After a successful Northeast tour, The Broadcast is performing new material across the Southeast for the next month. In March, the band will release its first live album, followed by a tour to support the group’s third record.
“We’re hitting a lot of new markets, which has been really exciting for us,” said lead vocalist Caitlin Krisko, during a telephone interview from her home in Asheville, N.C. “The Southeast is sort of famous for being supportive of live music, especially up-and-coming bands. It’s been really fun to play in new cities, like Augusta, Athens, Charleston and Wilmington. We love to encourage people to dance and feel good.”
Formed in 2007 in Brooklyn, N.Y., the six-piece band relocated to Asheville, N.C., one year ago, where it was more financially feasible to become a touring band. Since then, The Broadcast has evolved into a full-time, nationally touring group. The band includes Krisko (lead vocalist), Michael Davis (drums), Matthew Davis (bass), Tyler Householder (percussion), Aaron Austin (guitar) and Rich Brownstein (keyboard).
Over the past few months, The Broadcast has written an album’s worth of new music, Krisko said.
Recorded in September, the band’s live album reflects its new sound.
“We’ve sort of really prided ourselves on being a live touring band, and we’ll continue to be a live performing band. We wanted to give our fan base the opportunity to get a taste of what our sound is like live, which is why we decided to do a live record,” Krisko said.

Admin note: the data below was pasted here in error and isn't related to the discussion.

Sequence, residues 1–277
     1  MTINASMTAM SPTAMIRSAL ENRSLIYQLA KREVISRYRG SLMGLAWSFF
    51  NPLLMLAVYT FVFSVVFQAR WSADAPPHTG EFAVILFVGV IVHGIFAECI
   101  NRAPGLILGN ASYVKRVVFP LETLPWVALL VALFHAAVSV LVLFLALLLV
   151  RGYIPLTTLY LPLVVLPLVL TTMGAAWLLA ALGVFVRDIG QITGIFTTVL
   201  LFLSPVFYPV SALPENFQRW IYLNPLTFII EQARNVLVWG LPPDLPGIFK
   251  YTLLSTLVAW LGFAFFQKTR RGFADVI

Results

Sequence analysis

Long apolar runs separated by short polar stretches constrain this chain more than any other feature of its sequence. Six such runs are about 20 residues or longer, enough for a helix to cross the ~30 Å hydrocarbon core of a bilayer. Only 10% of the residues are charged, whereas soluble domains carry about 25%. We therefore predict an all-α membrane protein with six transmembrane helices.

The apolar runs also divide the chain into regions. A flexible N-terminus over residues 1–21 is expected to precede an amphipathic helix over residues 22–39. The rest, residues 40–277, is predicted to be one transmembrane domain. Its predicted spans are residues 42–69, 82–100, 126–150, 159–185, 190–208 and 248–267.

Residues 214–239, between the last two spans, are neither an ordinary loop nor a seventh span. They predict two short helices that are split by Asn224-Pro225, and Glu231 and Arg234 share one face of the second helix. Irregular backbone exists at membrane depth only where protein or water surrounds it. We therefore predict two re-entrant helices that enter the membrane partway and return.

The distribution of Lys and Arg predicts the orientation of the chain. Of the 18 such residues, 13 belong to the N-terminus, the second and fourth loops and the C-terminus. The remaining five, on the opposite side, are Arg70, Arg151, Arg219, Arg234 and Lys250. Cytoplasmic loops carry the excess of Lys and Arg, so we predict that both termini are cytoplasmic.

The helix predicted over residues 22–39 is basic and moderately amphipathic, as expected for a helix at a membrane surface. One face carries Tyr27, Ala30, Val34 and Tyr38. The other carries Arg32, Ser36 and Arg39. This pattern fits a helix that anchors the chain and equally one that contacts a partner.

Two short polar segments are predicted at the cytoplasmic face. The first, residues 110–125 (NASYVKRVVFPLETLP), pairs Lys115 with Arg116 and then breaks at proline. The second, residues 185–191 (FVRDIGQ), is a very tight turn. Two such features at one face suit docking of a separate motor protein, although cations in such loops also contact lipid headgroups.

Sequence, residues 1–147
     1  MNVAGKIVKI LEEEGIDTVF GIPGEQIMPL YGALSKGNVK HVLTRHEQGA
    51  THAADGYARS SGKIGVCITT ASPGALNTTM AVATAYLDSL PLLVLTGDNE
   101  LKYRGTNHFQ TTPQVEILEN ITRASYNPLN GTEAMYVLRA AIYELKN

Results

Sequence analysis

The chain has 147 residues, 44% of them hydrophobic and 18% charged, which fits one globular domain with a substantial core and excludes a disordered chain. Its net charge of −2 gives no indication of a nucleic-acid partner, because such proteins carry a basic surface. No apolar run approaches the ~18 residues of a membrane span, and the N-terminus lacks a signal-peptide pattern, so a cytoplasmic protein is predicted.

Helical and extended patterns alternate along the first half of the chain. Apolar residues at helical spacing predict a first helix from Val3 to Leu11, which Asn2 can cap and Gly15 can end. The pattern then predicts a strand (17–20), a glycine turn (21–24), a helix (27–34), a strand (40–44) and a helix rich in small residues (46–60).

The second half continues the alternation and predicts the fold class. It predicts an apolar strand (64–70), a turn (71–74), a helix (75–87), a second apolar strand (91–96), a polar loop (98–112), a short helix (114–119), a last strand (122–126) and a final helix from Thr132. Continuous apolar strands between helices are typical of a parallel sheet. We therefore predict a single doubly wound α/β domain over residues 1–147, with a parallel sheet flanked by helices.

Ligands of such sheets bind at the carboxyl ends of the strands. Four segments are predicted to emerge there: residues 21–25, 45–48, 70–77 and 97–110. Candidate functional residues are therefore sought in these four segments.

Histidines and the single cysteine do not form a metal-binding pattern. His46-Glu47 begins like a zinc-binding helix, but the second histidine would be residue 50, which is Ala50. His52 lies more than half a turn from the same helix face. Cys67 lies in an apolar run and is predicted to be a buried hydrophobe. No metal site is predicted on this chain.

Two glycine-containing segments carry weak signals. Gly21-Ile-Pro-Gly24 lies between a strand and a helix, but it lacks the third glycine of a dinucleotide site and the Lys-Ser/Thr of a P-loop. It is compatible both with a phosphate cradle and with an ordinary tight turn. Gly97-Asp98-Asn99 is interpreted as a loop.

The band is named The Broadcast because the members “wanted to express a form of communication through their music,” Krisko said. The band is inspired by “Motown sound” and singers such as Janis Joplin and Aretha Franklin.
Cosmopolitan magazine describes Krisko’s voice as “drenched in honey, and dripping with soul.” Her voice has been compared to Adele and Grace Potter, according to the band.
“It feels great. It’s been a thrill for me, especially with it being a new experience for us to have press,” Krisko said. “I take the actual act of singing pretty seriously. I try to take care of my voice a lot. I went to school for vocal performance, and so I have a lot of training behind me.”
Krisko’s band mates also have collegiate training in music, all having the goal of becoming a professional musician.
“That has helped us to stay focused and remember that this is a craft that we all really respect and that we all feel very lucky to be able to do on a regular basis. To be able to do it full time as a career is a dream. I never want to disrespect this gift that we’ve been given. It feels nice that people are recognizing the work that we’re putting into it,” Krisko said.